A SPLENDID MAP OF EUROPE FROM THE GOLDEN AGE OF DUTCH CARTOGRAPHY
Europa from Novus Atlas
Hand-colored copper-plate engraving
In 1604, the heirs of the renowned Gerard Mercator sold his map plates to the great Amsterdam cartographer Jodocus Hondius, who brought out the first of the so-called "Mercator-Hondius" editions in 1606. Hondius supplemented the original 107 maps with 39 new maps compiled under his own supervision, bringing the total number to 146, and had the original text expanded by Petrus Montanus. The new maps were of extremely high quality, and were for the most part devoted to parts of the world that had been neglected by Mercator. Hondius’s first edition of the general atlas proved instantly popular, selling out within a year, and he continued to augment and perfect it over the following years, constantly adding new maps and incorporating new discoveries and corrections. After the death of Jodocus Hondius the Elder in 1612, work on the two atlases, folio and miniature, was carried on by his widow and sons, Jodocus II and Henricus, eventually in conjunction with Jan Jansson in Amsterdam. In all, from 1606 onwards, nearly 50 editions with increasing numbers of maps with texts in the main European languages were printed. This splendid map of Europe is one of the additions that Henricus Hondius made to the atlas, and it represented a great stride forward in the mapping of the region.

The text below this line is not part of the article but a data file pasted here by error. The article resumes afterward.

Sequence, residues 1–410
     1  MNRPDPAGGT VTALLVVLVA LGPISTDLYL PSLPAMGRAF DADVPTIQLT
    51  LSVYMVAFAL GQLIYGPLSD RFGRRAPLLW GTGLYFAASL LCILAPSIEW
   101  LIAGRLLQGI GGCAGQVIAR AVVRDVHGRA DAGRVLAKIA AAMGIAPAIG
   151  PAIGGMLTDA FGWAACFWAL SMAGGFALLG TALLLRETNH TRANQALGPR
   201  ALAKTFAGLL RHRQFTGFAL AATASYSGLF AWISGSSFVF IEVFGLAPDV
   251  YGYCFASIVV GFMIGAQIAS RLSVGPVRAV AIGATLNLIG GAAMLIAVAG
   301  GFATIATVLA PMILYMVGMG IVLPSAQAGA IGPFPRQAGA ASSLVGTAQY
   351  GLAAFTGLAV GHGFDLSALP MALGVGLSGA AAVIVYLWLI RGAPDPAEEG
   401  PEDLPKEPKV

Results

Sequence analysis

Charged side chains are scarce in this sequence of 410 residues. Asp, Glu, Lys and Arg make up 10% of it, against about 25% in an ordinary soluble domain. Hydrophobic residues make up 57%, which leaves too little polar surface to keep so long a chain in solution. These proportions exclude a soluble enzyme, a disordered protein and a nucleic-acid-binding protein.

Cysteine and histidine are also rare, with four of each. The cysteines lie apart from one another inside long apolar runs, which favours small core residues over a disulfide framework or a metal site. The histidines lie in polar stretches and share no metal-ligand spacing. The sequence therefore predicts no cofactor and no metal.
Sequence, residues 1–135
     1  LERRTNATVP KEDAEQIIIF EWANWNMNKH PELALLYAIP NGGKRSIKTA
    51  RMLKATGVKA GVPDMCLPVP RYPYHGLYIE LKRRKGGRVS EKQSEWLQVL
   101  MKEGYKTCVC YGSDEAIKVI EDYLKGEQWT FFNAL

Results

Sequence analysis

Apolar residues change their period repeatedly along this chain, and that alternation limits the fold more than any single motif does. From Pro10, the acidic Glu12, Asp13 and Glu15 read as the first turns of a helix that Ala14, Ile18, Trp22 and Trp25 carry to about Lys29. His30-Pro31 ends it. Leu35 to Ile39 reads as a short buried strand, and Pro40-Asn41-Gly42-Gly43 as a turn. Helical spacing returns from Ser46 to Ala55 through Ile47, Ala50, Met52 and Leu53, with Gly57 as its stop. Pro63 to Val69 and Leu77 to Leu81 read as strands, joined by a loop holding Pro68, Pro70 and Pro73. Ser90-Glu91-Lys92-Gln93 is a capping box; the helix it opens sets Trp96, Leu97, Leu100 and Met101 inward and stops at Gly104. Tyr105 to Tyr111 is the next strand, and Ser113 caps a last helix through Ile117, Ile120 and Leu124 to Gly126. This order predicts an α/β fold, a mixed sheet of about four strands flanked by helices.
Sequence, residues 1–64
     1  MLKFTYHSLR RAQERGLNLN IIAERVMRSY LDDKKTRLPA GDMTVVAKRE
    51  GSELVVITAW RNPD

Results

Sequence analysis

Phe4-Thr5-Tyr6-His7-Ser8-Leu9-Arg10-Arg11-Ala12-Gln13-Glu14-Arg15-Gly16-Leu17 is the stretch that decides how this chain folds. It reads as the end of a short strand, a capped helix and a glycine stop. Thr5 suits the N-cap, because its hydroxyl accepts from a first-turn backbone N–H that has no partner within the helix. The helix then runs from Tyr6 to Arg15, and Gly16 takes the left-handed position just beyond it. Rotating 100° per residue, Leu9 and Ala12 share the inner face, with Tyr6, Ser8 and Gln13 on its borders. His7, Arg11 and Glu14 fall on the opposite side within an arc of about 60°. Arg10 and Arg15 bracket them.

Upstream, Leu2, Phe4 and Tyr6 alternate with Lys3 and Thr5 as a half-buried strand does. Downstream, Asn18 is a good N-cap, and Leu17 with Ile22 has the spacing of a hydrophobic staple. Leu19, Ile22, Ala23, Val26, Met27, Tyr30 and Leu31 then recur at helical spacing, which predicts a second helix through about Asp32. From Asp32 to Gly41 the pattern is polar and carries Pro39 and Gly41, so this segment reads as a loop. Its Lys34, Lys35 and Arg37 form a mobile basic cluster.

Offered at $15,000
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